Primates’ neural computations shed new light on the evolution of language. Humans and monkeys may not speak the same lingo, but our ways of thinking are a lot more similar than previously thought, according to new research from UC Berkeley, Harvard University and Carnegie Mellon University.

 

In experiments on 100 study participants across age groups, cultures and species, researchers found that indigenous Tsimane’ people in Bolivia’s Amazon rainforest, American adults and preschoolers and macaque monkeys all show, to varying degrees, a knack for “recursion,” a cognitive process of arranging words, phrases or symbols in a way that helps convey complex commands, sentiments and ideas.

 

The findings, published in the journal Science Advances, shed new light on our understanding of the evolution of language, researchers said. “For the first time, we have strong empirical evidence about patterns of thinking that come naturally to probably all humans and, to a lesser extent, non-human primates,” said study co-author Steven Piantadosi, a UC Berkeley assistant professor of psychology.

 

Indeed, the monkeys were found to perform far better in the tests than the researchers had predicted. “Our data suggest that, with sufficient training, monkeys can learn to represent a recursive process, meaning that this ability may not be as unique to humans as is commonly thought,” said Sam Cheyette, a Ph.D. student in Piantadosi’s lab and co-author of the study.

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First Fluorescent Frog Found

First Fluorescent Frog Found | Amazing Science | Scoop.it

The first fluorescent frog, a rare find among land animals reveals a new way to glow. Under normal light, the South American polka dot tree frog (Hypsiboas punctatus) sports a muted palette of greens, yellows and reds. But dim the lights and switch on ultraviolet illumination, and this little amphibian gives off a bright blue and green glow.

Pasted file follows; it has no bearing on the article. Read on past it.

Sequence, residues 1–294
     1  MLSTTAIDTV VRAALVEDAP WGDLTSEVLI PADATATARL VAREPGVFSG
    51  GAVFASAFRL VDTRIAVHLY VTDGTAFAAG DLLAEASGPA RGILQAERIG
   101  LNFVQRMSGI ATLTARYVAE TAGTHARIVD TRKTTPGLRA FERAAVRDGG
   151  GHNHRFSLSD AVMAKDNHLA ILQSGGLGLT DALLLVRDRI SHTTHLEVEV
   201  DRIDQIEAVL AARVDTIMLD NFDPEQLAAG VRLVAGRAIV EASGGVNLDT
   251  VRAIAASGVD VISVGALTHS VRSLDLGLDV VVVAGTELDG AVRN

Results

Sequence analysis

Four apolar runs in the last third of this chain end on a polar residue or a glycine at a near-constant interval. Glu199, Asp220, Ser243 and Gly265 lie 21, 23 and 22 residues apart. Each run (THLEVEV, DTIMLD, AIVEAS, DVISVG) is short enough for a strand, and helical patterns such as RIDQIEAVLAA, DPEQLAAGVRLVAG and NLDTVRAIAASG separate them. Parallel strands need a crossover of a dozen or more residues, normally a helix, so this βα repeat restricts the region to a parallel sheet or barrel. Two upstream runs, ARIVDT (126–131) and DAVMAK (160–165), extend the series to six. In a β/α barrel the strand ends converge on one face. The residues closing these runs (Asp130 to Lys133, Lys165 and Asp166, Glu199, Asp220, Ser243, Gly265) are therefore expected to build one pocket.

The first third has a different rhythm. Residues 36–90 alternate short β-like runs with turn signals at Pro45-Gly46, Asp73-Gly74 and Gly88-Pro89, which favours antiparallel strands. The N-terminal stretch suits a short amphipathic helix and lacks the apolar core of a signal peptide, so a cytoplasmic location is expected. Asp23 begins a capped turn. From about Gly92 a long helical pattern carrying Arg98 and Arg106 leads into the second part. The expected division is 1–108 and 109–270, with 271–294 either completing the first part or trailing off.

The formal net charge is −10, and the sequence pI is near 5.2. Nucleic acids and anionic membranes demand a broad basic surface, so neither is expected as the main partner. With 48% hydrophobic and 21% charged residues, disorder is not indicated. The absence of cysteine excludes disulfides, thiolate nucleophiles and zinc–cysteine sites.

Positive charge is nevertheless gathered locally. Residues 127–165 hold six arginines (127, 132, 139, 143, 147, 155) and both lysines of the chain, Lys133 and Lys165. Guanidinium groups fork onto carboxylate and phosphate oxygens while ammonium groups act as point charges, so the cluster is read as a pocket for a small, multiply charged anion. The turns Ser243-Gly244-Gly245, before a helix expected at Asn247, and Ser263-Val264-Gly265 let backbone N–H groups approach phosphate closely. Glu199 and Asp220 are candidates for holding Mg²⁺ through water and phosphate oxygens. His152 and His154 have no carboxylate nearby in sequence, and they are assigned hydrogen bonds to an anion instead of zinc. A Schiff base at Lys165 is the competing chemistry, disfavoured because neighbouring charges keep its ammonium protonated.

The ability to absorb light at short wavelengths and re-emit it at longer wavelengths is called fluorescence, and is rare in terrestrial animals. Until now, it was unheard of in amphibians. Researchers also report that the polka dot tree frog uses fluorescent molecules totally unlike those found in other animals. The team published the find on March 13, 2020 in Proceedings of the National Academy of Sciences (PNAS).

 

Because fluorescence requires the absorption of light, it doesn’t happen in total darkness. That makes it distinct from bioluminescence, in which organisms give off their own light generated through chemical reactions. Many ocean creatures fluoresce, including coralsfish, sharks and one species of sea turtle (the hawksbill turtle, Eretmochelys imbricata). On land, fluorescence was previously known in only parrots and some scorpions. It is unclear why animals have this ability, although explanations include communication, camouflage and mate attraction.

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Infographic: The History of Pandemics, by Death Toll

Infographic: The History of Pandemics, by Death Toll | Amazing Science | Scoop.it